Should Iowa kick off the election process next time?
The Republican Presidential candidate who won the Iowa caucuses is Mitt Romney. No, wait a minute, the Iowa caucuses ended in a split decision between Mitt Romney and Rick Santorum. Hold the presses! This just in, more than two weeks after the votes were counted in Iowa, Rick Santorum was declared the winner. Really? Is this the way to kick off a race which will eventually lead to a Republican candidate being picked to run in the 2012 U.S. Presidential election?
Following the confusion in Iowa we asked the following question in a Poll Position national scientific telephone survey, do you believe Iowa should be permitted to remain the first state in the nation to vote in the presidential candidate nomination process or should it no longer be the first state to vote? Among all Americans polled, 41% said no, 31% said yes, 29% did not have an opinion either way. We also asked the question of those who said they will vote in Republican primaries, 42% said Iowa should not go first again, 35% said Iowa should remain first, 23% did not have an opinion.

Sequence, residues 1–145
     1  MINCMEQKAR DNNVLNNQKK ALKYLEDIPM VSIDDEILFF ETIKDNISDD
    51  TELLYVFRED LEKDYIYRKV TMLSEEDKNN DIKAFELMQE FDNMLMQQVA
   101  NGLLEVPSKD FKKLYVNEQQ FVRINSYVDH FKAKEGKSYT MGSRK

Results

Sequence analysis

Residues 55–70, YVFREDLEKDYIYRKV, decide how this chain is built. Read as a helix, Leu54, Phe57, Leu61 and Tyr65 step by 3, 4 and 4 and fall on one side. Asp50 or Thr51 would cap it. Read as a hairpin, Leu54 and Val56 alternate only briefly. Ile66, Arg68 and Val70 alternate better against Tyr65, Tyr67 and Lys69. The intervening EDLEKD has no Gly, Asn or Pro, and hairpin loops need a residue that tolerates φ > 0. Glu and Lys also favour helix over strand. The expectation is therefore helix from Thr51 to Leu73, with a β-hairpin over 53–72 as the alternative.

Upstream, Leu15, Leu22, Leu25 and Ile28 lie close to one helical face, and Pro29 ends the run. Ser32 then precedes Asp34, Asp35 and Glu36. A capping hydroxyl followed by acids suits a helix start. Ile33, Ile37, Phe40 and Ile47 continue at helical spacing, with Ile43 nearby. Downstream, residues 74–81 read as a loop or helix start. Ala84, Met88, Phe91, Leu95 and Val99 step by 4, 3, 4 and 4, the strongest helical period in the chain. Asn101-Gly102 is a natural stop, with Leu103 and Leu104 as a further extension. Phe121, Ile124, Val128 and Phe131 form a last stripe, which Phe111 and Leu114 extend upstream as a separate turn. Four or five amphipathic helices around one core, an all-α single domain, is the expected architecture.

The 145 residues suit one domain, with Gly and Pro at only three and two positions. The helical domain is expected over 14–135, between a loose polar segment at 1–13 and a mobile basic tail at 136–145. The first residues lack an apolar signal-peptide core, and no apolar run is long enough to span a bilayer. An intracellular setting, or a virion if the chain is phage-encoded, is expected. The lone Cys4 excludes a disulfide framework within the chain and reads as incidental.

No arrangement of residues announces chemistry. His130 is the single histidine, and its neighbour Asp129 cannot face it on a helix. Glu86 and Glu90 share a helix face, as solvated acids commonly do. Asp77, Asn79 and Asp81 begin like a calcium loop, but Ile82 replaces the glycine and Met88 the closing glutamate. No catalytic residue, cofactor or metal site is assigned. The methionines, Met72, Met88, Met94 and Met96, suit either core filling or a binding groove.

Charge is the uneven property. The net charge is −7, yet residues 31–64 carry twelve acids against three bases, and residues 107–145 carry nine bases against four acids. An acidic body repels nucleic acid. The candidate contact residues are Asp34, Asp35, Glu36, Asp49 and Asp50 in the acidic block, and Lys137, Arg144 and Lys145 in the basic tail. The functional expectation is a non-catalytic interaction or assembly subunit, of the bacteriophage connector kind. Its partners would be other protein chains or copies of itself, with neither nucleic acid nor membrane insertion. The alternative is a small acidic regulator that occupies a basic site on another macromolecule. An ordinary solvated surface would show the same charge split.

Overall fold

The crosstabs for all categories are below:
Poll Position’s scientific telephone survey of 1,143 registered voters nationwide was conducted January 22, 2012 and has a margin of error of ±3%. Among those there were 571 registered voters who said they will vote in the Republican primary with a margin of error of ±4%. Poll results are weighted to be a representative sampling of all American adults.
What do you think? Vote in our online companion poll and comment below.
The online companion poll in which you can vote provides unscientific results, meaning it’s a tally of participating Poll Position users, not a nationally representative sampling.
Poll Position is committed to transparency and upholding the highest professional standards in its polling, explaining why we provide you with the crosstabs of our scientific polls. Crosstabs provide a breakdown of survey participants by age, race, gender, and political affiliation.
You can learn more about our polling methodology here.